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Learning Math Home
Measurement Session 3: Notes
Session 3 Part A Part B Homework
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Session 3 Materials:

A B 


Notes for Session 3, Part B

Note 5

When measuring objects using the metric system, it is important to establish benchmarks for common lengths, such as meter, decimeter, and centimeter. In addition, you should actually make the measurements and compare your estimates to your measurement data. Reconciling the differences between your estimates and measures will help you improve your ability to make reasonable estimates using the metric system.

<< back to Part B: Metric Units


Note 6

Be aware that errors in approximating 100 m are going to be compounded tenfold when using your 100 m distance to approximate 1 km (since 100 • 10 = 1,000 m). You may want to check the distance using a car or bicycle odometer. When you know the approximate time it takes you to walk 1 km on flat terrain, then you can use time to estimate distances (e.g., I walked for 20 minutes, so I know I have traveled about 2 km).

<< back to Part B: Metric Units


Note 7

Whereas the base unit for volume is the cubic meter, most practical day-to-day situations find us determining the capacity of smaller containers, and thus cubic centimeters or cubic millimeters might also be used. The relationship between cubic centimeters and milliliters (1 cm3 = 1 mL) and between cubic decimeters and liters (1 dm3 = 1 L) is an important one to establish. Models can help people visualize these relationships. If you have metric base ten blocks, then the "small units cube" (1 cm3) is equivalent to 1 mL, and the "thousands cube" is equivalent to 1 dm3; this cube, if hollow, will hold 1 L. Compare a milliliter and a cubic centimeter as well as a liter and a cubic decimeter. If possible, pour 1 L of water into a hollow decimeter cube.

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Note 8

If you are working in a group, it is worth the time and effort to have groups of four people construct a cubic meter, using metersticks as the edges of the large cube. If supplies are limited, make 1 m3 as a model for the whole group to observe. Participants can hold the metersticks in place or tape them together.

Some people may have difficulty listing the equivalent measures for 1 m3. A common error is to think that there are 1 cm3 in one cubic meter. Use the model to show that this amount is much too small. Try listing an equivalent measure for each dimension before finding the volume. For example, since 100 cm = 1 m, the length, width, and height of the cube are all 100 cm, and you can find the volume by multiplying length times width times height.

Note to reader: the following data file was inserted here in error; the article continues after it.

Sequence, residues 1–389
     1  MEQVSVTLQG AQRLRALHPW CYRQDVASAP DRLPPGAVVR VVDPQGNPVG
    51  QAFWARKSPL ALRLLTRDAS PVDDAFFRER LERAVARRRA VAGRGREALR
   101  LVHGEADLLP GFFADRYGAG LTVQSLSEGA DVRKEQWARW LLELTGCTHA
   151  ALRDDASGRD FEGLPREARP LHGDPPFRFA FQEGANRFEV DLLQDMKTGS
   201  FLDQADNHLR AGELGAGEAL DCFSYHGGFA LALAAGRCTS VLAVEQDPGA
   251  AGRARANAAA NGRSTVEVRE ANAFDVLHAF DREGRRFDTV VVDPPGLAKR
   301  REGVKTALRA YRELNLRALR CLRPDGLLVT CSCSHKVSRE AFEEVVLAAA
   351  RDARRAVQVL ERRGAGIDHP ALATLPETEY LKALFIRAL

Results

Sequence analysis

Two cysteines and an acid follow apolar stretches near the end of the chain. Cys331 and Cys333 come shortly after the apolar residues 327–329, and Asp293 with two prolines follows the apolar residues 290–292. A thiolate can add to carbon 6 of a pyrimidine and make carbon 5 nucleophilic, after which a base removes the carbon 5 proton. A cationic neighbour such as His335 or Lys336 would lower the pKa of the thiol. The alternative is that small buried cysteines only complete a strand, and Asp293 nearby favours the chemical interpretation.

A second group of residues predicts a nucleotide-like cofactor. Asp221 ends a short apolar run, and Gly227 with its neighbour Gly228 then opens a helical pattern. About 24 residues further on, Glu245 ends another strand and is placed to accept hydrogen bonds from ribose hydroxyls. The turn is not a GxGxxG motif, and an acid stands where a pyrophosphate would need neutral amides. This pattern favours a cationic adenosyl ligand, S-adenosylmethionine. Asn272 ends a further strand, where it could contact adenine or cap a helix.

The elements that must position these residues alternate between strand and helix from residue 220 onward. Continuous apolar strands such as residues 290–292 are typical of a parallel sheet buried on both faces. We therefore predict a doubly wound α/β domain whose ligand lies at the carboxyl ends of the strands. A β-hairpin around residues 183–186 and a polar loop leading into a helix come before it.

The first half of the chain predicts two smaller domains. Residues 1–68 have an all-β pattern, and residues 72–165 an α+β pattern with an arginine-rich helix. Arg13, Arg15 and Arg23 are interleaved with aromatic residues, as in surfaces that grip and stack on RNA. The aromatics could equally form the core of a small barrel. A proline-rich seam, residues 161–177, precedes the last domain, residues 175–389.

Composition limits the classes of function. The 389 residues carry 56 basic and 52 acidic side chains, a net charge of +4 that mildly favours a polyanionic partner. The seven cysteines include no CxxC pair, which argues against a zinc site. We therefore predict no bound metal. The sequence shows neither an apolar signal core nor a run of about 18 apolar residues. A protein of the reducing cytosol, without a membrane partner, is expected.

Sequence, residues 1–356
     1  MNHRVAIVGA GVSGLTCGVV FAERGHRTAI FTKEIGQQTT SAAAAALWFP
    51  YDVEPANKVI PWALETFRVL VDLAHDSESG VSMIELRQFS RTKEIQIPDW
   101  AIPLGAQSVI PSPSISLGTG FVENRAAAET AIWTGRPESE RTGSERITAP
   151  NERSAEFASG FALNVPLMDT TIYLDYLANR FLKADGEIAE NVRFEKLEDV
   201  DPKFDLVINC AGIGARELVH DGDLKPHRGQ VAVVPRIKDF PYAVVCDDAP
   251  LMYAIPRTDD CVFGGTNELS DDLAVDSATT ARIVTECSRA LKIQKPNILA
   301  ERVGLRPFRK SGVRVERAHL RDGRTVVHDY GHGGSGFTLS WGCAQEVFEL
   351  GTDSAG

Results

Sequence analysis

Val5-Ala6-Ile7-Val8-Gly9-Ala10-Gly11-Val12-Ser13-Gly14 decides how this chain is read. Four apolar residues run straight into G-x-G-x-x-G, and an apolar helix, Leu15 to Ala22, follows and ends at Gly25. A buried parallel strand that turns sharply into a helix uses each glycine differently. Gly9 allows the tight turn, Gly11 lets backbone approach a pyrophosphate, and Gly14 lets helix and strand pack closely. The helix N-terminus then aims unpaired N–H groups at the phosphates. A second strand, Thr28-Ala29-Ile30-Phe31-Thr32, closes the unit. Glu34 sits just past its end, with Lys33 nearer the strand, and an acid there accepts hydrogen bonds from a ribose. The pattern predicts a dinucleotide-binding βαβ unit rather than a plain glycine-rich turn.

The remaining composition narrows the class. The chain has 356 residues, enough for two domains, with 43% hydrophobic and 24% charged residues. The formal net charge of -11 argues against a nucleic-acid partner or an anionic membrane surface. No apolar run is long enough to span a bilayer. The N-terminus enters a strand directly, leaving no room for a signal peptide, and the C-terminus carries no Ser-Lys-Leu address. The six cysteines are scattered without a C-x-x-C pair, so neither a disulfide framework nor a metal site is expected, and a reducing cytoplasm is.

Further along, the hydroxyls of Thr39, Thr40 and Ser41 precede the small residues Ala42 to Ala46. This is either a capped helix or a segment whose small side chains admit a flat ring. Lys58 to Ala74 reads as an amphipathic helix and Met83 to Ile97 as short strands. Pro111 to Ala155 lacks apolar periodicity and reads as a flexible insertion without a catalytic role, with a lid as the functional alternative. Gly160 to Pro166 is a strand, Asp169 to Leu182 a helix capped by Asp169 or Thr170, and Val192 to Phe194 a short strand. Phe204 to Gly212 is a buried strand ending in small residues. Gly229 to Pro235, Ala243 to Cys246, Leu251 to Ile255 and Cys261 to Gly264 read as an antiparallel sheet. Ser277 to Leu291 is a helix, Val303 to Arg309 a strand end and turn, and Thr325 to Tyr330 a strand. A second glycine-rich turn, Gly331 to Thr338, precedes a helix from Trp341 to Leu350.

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Note 9

Since you will be pouring liquids in and out of bottles to find the capacity, this can get a bit messy. But to fully understand the size of metric units, it is important to actually do the measurements. If there is time, test more than one type and brand of liquid. Is there the same amount of liquid in a 1 L bottle of soda as in a 1 L bottle of water? Or test many 1 L bottles of the same brand. Is the capacity consistent from one bottle to the next? Be sure to discuss or reflect on your findings.

<< back to Part B: Metric Units


Note 10

If you are working in a group and you did not discuss the difference between mass and weight during Session 1, do so now. Have everyone explain in their own words how mass and weight differ. Ideally you want to have available a variety of scales: pan balances, three-arm balances, spring scales, and a metric bathroom scale.

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Note 11

If you are working in a group, when finding materials that have masses of approximately 1 g, 100 g, 500 g, and 1 kg, work individually. You can use more than one object to reach the target mass: Place the objects in a plastic bag and then label the bag with the combined mass. As a group, discuss each quantity, answering questions like "What does a mass of 1 g feel like?" and "What common items have a mass of 1 g?" Each group member should examine the different samples and then weigh them again, using the different scales.

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Note 12

If you do not have a metric bathroom scale, you can use a conversion factor to change pounds to kilograms. Since 1 kg = 2.2 lb., you can find someone's weight in kilograms by dividing his or her weight in pounds by 2.2.

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Note 13

This activity focuses on reasoning deductively about mass, but it does not further one's knowledge of metric measures. The problems, however, do show that there are many ways to measure without using units.

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Note 14

You might be tempted to solve this problem in a similar way to part (c), by first placing four coins on each of the pans. This enables you to conclude that the heavy coin is one of the four (one pan will go down!). You can then make additional comparisons in order to identify the heavy coin. There is, however, another way to solve this problem that takes only two steps. Hint: The first weighing does not involve all eight coins. Can you figure out how to identify the heavy coin?

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